DES MOINES, Iowa — With the Missouri River to the west, the Mississippi River to the east and the Des Moines and Raccoon Rivers directly in central Iowa, the dangers of spring flooding are all too familiar for Iowans.
In fact, the concern for widespread flooding pops up nearly every spring, especially after the winter snow has melted.
Although many of the state's most notorious flood events occurred in the summer months, spring flooding can pose huge issues in central Iowa.
Just two years ago, massive flooding devastated communities in the Missouri River Valley, specifically in western Iowa and much of Nebraska.
Thankfully, the spring flood risk in 2021 is somewhat low, according to the National Weather Service.
Snow pack to the north was much less widespread than in years past, and soil is not nearly as saturated as in previous years, either.
The ongoing drought conditions in western Iowa are helping lower the flood risk, too.
Still, there are a variety of factors that contribute to spring flooding in Iowa.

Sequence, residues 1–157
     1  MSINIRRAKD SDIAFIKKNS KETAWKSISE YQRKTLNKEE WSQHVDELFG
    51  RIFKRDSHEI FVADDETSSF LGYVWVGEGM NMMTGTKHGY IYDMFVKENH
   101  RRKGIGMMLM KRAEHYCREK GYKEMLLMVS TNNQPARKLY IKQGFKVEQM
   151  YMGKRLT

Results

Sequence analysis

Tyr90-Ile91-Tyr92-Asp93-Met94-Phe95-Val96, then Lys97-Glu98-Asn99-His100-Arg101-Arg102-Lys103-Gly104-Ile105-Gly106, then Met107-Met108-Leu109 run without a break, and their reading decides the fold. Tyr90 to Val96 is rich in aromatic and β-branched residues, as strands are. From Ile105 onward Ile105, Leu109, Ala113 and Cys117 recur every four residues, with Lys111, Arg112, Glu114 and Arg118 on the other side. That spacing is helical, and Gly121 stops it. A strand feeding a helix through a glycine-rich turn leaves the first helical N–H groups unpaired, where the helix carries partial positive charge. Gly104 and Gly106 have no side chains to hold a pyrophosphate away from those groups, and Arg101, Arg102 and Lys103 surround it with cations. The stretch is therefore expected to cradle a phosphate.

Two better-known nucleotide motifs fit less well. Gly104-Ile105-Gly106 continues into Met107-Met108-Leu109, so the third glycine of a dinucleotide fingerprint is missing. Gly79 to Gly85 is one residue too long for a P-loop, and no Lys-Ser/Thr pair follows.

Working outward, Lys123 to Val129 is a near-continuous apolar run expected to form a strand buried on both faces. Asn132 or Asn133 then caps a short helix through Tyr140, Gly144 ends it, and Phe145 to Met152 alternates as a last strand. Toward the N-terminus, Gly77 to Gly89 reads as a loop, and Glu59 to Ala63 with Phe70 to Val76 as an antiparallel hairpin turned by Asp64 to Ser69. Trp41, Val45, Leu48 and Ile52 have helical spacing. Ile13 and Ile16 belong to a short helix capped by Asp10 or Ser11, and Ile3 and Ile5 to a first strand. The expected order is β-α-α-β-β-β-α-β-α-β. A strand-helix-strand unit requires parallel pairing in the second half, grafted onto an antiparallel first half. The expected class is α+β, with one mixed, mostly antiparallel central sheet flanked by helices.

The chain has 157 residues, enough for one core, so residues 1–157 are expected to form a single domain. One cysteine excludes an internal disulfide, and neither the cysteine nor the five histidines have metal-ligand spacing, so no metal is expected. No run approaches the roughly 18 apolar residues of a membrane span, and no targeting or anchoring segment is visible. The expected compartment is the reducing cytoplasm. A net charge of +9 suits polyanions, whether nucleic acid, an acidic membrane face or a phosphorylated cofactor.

Three factors must be evaluated each year to determine how likely or unlikely spring flood concerns will be.
The first factor is soil moisture.
Put simply, the more the ground is saturated, the less additional moisture it can handle.
The ground becomes especially saturated during wet summers and/or falls, and during really snowy winters.
Second, flooding is often dependent on the level of snowpack. And that's not just in Iowa, but north of the state in Minnesota, South Dakota and even North Dakota.
The level of snowpack in those states is just as important, if not slightly more important, than the snow that melts across Iowa.
When snow melts in Minnesota and the Dakotas, it leads to increased water for Iowa's rivers.
Additionally, the rate of snow melt must be considered, as faster melting often exacerbates flooding while a slow, steady melt may be a bit less impactful.
Finally, the last factor to consider is likely the most obvious one: spring rain.
Heavy spring rain, especially when the ground is still frozen, can create a problem all on its own.
All of these factors are tracked closely by meteorologists to predict what's to come for the start of the growing season.
In a worst-case scenario, a farmer's season can come to an end even before it gets started.